This title reminds me of a silly page I want to do someday on this website. I want to have a “fancy food name generator.” It will have a series of food words that go something like this: adjective noun noun noun with a(n) adjective noun noun. Refresh the page and you’ll get something like this:
Crispy Tomato Kumquat Compote with a Creamy Asparagus Sorbet
Savory Watermelon Kimchi Pizza with a Chilled Habañero Reduction
This weekend I participated in the national “Share the Health” expo held at Vitamin Shoppes nationwide, setting up camp at my local store in North Little Rock. While others demonstrated taekwondo and sold bikes, I whipped up samples of this tasty quinoa salad. Even the healthy-food averse were converted. Hallelujah!
I served the salad cold atop tiny rounds of fresh cucumber, but it could be served as a meal component or salad all by itself, warm or chilled.
Here’s the recipe, as promised to those in attendance. I think you’ll love it!
Poblano Quinoa Cucumber Bites with Cumin Vinaigrette
Serves 30 as an appetizer, 8 as a main dish or salad
- 1 cup quinoa, uncooked
- 2 cups chicken or vegetable broth
- 1 garlic clove, peeled and smashed
- 2 Poblano peppers
- 1 Red bell pepper
- 1/2 cup olive oil
- 1/4 cup apple cider vinegar
- 2 tsp. Dijon mustard
- 1/4 tsp. dried thyme
- 1/4 tsp. dried oregano
- 2 T. dried parsley (or 1/4 c. fresh parsley or cilantro, chopped fine)
- 2 tsp. ground cumin, plus extra for garnish
- Kosher salt and fresh ground pepper to taste
- 2 cucumbers
- Optional: Fresh parsley or cilantro for garnish
If the package states to do so, rinse and drain the quinoa. In a medium pot, heat the quinoa by itself over medium-high heat a minute or two, stirring occasionally, until slightly toasted, then add the broth and the garlic clove. Bring just to a boil, then reduce the heat to a simmer and cover. Cook according to package directions, probably about 15 minutes, until the quinoa is done and all the liquid is absorbed.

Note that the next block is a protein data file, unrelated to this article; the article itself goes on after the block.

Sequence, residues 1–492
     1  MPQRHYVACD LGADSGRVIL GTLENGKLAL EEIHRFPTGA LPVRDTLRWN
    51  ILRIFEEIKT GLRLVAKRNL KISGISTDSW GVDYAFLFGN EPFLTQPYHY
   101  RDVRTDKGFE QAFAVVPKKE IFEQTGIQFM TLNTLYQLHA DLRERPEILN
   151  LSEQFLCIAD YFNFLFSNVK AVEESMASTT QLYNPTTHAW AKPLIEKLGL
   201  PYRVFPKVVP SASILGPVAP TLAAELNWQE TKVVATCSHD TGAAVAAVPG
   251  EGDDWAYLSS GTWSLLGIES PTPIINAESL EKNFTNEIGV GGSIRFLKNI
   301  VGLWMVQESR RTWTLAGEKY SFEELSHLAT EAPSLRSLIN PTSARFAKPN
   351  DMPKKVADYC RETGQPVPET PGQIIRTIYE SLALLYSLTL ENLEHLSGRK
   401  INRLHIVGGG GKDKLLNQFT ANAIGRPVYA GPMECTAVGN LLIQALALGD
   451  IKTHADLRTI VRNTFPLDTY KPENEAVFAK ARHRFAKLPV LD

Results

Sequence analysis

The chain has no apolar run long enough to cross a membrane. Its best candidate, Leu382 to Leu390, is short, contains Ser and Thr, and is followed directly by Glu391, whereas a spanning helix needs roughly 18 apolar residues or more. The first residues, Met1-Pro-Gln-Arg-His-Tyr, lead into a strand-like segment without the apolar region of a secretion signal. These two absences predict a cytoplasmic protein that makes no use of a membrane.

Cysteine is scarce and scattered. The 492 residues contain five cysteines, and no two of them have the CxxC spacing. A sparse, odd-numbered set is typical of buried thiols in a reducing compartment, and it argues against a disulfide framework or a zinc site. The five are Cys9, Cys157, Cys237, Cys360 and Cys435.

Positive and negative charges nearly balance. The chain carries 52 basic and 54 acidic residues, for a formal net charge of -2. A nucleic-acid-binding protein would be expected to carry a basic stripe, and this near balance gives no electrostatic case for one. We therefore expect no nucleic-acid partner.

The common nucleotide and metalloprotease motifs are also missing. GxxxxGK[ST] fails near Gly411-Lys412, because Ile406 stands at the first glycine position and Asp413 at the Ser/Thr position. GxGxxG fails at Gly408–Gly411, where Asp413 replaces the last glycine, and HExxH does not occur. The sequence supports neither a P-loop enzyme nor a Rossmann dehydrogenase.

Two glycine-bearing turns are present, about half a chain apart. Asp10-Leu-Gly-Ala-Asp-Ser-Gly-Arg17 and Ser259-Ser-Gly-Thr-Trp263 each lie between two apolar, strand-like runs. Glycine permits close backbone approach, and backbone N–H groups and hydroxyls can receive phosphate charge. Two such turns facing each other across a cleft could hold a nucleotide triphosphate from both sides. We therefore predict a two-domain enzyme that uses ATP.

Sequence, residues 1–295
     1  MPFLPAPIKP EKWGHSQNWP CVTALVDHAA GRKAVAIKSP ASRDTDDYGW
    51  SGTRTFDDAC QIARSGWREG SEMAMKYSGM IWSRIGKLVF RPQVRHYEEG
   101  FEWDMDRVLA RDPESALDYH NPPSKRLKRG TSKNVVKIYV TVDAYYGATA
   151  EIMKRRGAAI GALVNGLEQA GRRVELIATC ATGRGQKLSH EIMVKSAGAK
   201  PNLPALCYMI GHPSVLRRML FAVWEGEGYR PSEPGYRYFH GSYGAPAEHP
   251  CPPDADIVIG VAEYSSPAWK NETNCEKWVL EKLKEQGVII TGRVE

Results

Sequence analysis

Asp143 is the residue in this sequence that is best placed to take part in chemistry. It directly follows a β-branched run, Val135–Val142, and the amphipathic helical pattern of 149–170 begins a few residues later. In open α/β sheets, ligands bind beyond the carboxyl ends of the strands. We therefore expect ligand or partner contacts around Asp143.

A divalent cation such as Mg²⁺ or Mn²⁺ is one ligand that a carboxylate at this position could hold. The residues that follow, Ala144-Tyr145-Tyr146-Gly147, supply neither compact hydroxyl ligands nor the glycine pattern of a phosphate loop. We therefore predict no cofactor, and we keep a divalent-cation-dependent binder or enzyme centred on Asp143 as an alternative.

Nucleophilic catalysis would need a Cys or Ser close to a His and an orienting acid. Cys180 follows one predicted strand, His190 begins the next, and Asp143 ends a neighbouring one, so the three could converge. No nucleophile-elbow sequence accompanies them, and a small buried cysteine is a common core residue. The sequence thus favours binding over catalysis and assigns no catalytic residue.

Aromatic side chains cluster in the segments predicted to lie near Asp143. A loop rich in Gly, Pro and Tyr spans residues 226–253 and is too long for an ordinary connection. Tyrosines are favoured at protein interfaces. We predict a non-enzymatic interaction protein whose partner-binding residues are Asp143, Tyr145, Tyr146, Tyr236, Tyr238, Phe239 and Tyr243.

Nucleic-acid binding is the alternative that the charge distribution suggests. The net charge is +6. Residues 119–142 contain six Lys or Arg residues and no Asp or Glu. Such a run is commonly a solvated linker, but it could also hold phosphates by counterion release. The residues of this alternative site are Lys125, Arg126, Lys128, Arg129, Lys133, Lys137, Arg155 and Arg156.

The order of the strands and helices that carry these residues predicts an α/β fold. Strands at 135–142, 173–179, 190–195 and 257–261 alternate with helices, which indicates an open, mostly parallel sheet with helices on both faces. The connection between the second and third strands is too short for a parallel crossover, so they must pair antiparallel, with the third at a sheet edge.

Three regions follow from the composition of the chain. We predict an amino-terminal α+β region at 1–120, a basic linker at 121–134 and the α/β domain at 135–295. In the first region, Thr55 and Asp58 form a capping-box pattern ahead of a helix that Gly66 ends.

Meanwhile, roast the poblano peppers. If you have a gas cooktop, this can be done there. Place one or both peppers directly on a burner and turn on the flame. When one side is charred, turn carefully with heat-resistant tongs. (Turn on the vent if you have one!) If you do not have a gas cooktop, you can do this under the broiler of your oven. Place the peppers on a baking sheet just under the broiler. Stand nearby and watch, turning with tongs when the top is charred. With either method, when all sides are charred, place the peppers in an airtight container such as a plastic storage bag or rigid container with a lid. Allow the peppers to steam while you continue.
Chop the bell pepper, which we’ll use raw, into small dice. You can do this by cutting the pepper in half, carefully removing the white membranes and seeds with the tip of your knife, and slicing the pepper halves into very thin strips, about 1/8″ thick. Line the strips up and cut into small cubes. Place in a large bowl.
By now your poblanos are ready to peel. Hold them under running cool water and scrub off the charred skin. If some skin wasn’t charred and doesn’t want to come off, don’t worry about it. Now dry the poblanos and cut the flesh into small pieces with the same method as the bell pepper. (Yeah, it will be more floppy, but it’s floppy deliciousness.) Add to the large bowl.
In a jar, add together the olive oil, apple cider vinegar, Dijon mustard, herbs and cumin. Shake to combine, taste and add salt and pepper to taste. Keep it in the jar for now.
When the quinoa is done and still warm, turn it out into the large bowl and gently mix it with the peppers, being careful to not crush the quinoa. Pour the vinaigrette over the mixture and fold it in gently. If possible, let this stand, covered, in the fridge for at least 4 hours before using.
When you’re ready to serve, slice the cucumbers about 1/4″ thick. Sprinkle sparingly with kosher salt. (Skip the salt here if these will sit out a while, or they’ll weep.) Find the garlic in the salad and remove it. Using a small spoon or melon baller, place a small amount of the salad on top of the slices. Sprinkle with another bit of kosher salt and a dash of cumin. Add a small sprig of parsley or cilantro if you like.
Prettied-up option that I skipped during my show: Before slicing the cucumber, use a vegetable peeler to make four or five stripes evenly around it. When you cut the slices, they’ll have a cool pattern and they’ll be easier to eat if the peel is tough.
I so enjoyed making new friends at this show, especially those of you who had questions about how food changes can affect your health. I hope I can be of service to you. Stay in touch!